And so I went out of my way to bump into this guy. And naturally, he did exactly what I expected him to do. He spent the next little while putting me in my place. And that was exactly what I wanted, to be put in my place—in order to demonstrate that my place was with my own people and not with the enemy.
I know this might not make sense, but there was a good deal of comfort in that beating. I think the ones that followed were easier to bear because I provoked that first one.
You see, Masha? On the outside, this was someone that I could probably have taken down in a fair fight without much trouble for either of us. But here, I was forbidden to lift a hand in my own defense. All I could do was lie there and take it. You see? I needed that reinforcement of the difference between him and me, to remove the stain of “collaborator” that threatened to seep into my soul.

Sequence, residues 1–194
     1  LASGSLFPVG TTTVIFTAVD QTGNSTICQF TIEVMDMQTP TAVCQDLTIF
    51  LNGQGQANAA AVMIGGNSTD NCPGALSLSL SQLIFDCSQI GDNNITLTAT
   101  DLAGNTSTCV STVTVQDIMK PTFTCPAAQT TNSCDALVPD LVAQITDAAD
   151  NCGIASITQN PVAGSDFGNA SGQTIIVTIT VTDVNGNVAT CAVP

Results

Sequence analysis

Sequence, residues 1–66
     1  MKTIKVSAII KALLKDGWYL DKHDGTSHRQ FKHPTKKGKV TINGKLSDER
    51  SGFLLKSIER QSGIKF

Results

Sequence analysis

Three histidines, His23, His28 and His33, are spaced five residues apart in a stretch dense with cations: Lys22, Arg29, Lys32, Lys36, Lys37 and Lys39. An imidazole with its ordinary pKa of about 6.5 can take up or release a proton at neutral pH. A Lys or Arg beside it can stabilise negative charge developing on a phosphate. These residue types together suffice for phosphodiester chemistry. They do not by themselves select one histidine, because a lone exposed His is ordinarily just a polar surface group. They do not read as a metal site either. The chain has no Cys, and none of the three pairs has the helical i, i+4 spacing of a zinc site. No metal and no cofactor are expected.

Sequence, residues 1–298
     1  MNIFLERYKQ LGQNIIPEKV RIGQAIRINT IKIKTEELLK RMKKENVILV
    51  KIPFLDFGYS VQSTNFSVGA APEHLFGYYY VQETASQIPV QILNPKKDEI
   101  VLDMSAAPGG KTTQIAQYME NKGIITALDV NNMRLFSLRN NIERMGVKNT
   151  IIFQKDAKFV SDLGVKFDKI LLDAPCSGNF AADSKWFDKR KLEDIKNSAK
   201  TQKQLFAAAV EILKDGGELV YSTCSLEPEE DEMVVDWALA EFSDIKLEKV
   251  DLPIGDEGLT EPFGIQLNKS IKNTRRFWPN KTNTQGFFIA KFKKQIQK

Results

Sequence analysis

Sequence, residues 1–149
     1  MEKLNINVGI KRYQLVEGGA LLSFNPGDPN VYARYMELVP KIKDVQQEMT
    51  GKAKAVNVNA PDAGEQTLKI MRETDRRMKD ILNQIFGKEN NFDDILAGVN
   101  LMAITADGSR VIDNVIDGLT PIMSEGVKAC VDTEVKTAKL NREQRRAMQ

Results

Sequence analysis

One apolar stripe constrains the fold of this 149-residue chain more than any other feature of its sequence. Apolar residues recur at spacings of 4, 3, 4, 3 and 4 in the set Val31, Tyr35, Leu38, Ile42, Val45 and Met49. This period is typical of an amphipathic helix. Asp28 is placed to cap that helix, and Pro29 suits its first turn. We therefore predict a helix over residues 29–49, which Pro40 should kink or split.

So I had two or three cracked ribs to remind me with every breath for the next week or so. Within a few months, I was beyond such little acts of defiance. I couldn’t do that now. But it’s good to remember that I once could and that I once felt the need.
Anyway, Masha, I just wanted to explain. So you could see something in me worth saving.
Ovadya, I do see. And I don’t think I could love you the way I do if you were someone else, who had not been where you were. And maybe you wouldn’t love me at all either had I not gone through what I did. We would just see ourselves in each other and feel that we can’t help each other.
If I had to meet another brothel girl, I am not sure if it would be as healing for me. Maybe it would, in some ways. But there are things I feel for you that are healing, and I wouldn’t be able to feel that for a brothel girl. And if you had to meet another SK man, you wouldn’t see that person as quite so innocent as you see me. So you would miss out on that part of healing too. I think it is helping you find your own innocence.